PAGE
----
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PAS: Depressed Mothers More Likely to Overfeed Infants

Last Updated: April 30, 2012.

 

Infants with a high-intensity temperament are also much more likely to be overfed

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Low-income mothers are more than 10 times more likely to overfeed their infants, by adding cereal to bottles, if they are depressed or if the infant has a high-intensity temperament, according to a study presented at the annual meeting of the Pediatric Academic Societies, held from April 28 to May 1 in Boston.

MONDAY, April 30 (HealthDay News) -- Low-income mothers are more than 10 times more likely to overfeed their infants, by adding cereal to bottles, if they are depressed or if the infant has a high-intensity temperament, according to a study presented at the annual meeting of the Pediatric Academic Societies, held from April 28 to May 1 in Boston.

To investigate the maternal and infant factors associated with adding cereal to bottles, Candice T. Lucas, M.D., M.P.H., from the New York University School of Medicine in New York City, and colleagues surveyed 254 low-income mother-infant dyads enrolled postpartum in an urban public hospital (91 percent Latino).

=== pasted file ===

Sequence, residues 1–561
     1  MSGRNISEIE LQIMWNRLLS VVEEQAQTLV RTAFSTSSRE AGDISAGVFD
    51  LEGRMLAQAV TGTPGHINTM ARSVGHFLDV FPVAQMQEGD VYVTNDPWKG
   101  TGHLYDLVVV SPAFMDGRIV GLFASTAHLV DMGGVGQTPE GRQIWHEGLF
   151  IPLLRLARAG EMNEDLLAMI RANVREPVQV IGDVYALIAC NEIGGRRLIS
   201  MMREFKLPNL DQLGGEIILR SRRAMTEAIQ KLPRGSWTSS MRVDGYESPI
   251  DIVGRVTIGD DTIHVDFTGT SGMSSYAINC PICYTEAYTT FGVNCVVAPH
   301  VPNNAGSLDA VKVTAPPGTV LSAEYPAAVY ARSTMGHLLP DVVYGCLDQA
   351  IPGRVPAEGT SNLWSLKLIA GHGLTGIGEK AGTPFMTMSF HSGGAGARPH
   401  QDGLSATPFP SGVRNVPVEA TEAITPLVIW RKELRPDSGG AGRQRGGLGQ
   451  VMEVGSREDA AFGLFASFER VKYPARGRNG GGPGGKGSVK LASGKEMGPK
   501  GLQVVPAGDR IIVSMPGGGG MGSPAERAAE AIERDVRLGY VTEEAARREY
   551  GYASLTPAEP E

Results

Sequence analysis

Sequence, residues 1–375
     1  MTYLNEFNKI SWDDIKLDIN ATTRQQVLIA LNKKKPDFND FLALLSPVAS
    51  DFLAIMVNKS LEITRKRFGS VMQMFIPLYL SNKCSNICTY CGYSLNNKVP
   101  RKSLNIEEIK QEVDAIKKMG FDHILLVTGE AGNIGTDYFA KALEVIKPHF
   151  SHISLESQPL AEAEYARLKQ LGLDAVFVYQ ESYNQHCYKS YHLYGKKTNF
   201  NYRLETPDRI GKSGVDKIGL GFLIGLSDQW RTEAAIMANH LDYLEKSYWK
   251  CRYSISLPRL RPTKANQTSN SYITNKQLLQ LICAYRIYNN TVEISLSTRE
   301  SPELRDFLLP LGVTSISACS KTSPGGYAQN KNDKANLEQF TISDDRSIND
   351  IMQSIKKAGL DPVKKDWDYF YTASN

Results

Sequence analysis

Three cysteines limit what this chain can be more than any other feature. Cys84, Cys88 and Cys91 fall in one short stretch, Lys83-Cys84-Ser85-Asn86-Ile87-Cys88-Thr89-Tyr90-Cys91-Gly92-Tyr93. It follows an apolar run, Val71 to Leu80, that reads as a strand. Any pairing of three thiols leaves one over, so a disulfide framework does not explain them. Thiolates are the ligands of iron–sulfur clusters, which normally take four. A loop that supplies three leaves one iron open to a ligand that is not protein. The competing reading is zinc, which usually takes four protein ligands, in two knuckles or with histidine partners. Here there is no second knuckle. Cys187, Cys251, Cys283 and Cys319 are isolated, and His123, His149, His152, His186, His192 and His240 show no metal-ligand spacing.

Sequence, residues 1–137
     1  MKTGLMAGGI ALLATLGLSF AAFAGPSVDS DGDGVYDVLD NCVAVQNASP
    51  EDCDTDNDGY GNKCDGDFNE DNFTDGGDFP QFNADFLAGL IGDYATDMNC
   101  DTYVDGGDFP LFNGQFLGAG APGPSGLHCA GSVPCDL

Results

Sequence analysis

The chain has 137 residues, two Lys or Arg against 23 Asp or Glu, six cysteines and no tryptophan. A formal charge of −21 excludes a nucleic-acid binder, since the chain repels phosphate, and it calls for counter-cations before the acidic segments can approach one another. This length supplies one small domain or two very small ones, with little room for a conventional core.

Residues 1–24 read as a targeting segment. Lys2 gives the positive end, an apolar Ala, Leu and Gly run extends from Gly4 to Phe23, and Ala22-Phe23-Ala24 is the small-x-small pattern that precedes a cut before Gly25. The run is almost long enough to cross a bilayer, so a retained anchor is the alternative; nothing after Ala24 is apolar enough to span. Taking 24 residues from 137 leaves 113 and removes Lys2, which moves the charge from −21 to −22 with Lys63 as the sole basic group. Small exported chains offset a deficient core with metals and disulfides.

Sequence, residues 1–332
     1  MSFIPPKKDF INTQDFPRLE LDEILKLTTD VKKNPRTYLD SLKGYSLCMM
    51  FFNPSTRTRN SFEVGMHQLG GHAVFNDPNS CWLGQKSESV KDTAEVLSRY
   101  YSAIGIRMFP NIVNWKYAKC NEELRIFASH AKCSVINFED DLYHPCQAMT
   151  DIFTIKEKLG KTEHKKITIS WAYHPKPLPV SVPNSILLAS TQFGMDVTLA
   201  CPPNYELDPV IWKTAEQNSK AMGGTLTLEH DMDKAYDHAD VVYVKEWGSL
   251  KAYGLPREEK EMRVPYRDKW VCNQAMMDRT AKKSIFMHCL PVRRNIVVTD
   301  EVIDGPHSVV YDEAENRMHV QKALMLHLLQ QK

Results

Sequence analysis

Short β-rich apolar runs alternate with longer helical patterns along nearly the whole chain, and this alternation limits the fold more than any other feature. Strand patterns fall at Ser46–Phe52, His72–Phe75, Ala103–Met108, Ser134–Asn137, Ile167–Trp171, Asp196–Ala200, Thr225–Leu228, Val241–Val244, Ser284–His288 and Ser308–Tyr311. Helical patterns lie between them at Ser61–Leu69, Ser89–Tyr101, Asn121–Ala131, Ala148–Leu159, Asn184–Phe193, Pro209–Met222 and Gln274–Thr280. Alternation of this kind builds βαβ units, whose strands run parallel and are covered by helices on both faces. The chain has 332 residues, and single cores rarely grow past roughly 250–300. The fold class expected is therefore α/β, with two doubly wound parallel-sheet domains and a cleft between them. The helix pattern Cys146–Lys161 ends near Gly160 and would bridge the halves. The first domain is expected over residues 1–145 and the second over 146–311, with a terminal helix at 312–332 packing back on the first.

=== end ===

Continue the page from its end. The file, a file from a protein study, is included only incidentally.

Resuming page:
The researchers found that 24 percent of mothers added cereal to bottles. Factors independently associated with a greater likelihood of adding cereal to bottles were being a single mother (adjusted odds ratio [aOR], 1.4), being depressed (aOR, 15.1), not breastfeeding (aOR, 1.3), and having an infant with a high-intensity temperament (aOR, 12.3).

"Overall, these findings demonstrate that stressors prevalent in low-income households, such as depression, single parenthood and associated infant behavioral challenges, influence feeding practices likely to promote obesity," Lucas said in a statement. "It is important to provide support for parents related to healthy feeding practices if we are to end the epidemic of childhood obesity."

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